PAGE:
Jenna Fischer can now add “producer” to her résumé — “The Giant Mechanical Man” marks the first time she’s co-produced a movie and, as she tells it, she was willing to do anything to get it done — even if the jobs weren’t all that glamorous. Did we mention that she’s also the film’s leading lady? Fischer plays Janice, a woman who’s unsure about the path she’s on as an adult.
We heard you shot this movie in 19 days.
We shot the movie in the dead of winter, in Detroit, in 19 days. It was actually so invigorating and exciting to be part of something that was just so indie, I have to say. And everyone just came together and they were so up for it. Chris [Messina, her co-star] had one day off and on his day off he worked with the crew as a camera assistant. I had a couple mornings off and I would come to set and clean the bathroom. If there’s like 50 people all using one restroom it gets messy — you gotta go in there and clean it up, make sure there’s hand towels, you know, stuff like that. That was the producing side of me — someone has to do it, right? A producer’s list is very long. It includes very important contract negotiations all the way down to toilet paper in the bathroom.
Will you try producing again?
I hope. I actually really enjoyed producing and acting at the same time. It’s hard for me, as an actor when I’m on set, to just sit and wait to act. I feel this, like, anticipation to perform. When they light a scene ... it takes an hour and a half and the actor has nothing to do during that time. That’s always a time that makes me feel very nervous because I’m just thinking about my lines and my performance, so being able to produce in that hour and a half was such a nice distraction.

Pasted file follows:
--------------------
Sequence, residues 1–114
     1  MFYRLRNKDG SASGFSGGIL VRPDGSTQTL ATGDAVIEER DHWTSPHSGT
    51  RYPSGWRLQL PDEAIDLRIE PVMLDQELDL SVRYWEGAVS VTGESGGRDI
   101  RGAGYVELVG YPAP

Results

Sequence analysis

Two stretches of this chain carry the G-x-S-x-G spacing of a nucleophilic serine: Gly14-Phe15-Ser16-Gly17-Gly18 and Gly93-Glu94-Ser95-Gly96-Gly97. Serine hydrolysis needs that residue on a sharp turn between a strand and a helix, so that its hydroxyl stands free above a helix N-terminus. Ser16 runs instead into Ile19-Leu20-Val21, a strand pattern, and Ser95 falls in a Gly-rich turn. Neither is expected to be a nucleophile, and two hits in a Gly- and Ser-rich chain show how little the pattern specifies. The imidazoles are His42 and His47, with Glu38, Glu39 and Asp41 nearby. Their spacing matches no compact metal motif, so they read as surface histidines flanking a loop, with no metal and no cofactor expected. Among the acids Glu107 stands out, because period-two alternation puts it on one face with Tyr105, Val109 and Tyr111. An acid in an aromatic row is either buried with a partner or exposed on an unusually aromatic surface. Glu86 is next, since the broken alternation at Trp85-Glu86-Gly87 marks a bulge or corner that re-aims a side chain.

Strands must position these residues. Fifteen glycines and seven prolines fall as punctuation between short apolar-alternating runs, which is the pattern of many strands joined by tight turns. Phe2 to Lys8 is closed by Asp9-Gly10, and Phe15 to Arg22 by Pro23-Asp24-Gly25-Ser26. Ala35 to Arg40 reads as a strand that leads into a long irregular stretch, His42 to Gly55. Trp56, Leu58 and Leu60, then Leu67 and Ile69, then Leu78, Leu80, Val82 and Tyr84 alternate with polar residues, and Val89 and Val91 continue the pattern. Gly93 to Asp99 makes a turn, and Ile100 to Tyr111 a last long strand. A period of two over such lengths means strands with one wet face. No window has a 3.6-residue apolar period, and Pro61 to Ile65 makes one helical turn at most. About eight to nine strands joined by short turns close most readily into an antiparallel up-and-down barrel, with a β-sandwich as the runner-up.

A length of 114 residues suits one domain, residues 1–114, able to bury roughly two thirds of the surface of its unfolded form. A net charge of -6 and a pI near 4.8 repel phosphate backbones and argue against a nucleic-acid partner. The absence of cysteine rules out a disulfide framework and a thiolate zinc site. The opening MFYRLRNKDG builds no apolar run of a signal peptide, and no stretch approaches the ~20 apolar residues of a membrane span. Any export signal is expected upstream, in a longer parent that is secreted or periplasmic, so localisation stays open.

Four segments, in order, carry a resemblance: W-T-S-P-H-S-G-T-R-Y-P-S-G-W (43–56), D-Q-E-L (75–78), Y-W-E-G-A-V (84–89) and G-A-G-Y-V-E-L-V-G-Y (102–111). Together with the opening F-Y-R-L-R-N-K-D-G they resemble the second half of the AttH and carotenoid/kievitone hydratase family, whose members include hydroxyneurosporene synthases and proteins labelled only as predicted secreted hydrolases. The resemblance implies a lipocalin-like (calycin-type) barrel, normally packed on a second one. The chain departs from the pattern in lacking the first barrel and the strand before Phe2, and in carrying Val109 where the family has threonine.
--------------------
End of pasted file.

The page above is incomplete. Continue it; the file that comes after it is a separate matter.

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Have you ever had an experience like Janice, where you weren’t sure about the direction your life was taking?
Of course. I mean, that’s at my core. I feel like my personality doesn’t really reflect that side of me as much anymore. I’m a very driven person, I think way more driven than, say, Pam [from “The Office”] or Janice. In middle school I felt very invisible. I had a lot of dreams that I didn’t know how to accomplish and I wondered if they would ever come true, and I was very shy. I definitely know what it feels like to live life in the background. I don’t know if this is true of everyone, but I feel like who we were in middle school really stays with you. So I come to these events and I have the hair and the makeup and the jewelry and they put these cute dresses on me, but I feel like the girl who didn’t have Guess jeans and an Express shirt, looking at all the other pretty girls wondering if I’ll ever have my day in the sun. So I love playing these characters because they feel like me. It feels like dress up to do all the fancy stuff.
What’s coming up on "The Office”?
The last episode is called “Family Portrait Studio,” and Jim and I bring our kids in for a family portrait. I don’t want to give anything away, but I loved our family portrait so much that I asked for a copy because it’s so funny. That’s our finale: Dwight sets up a photo studio in the office, and Jim is afraid that it is all an elaborate prank to steal our children.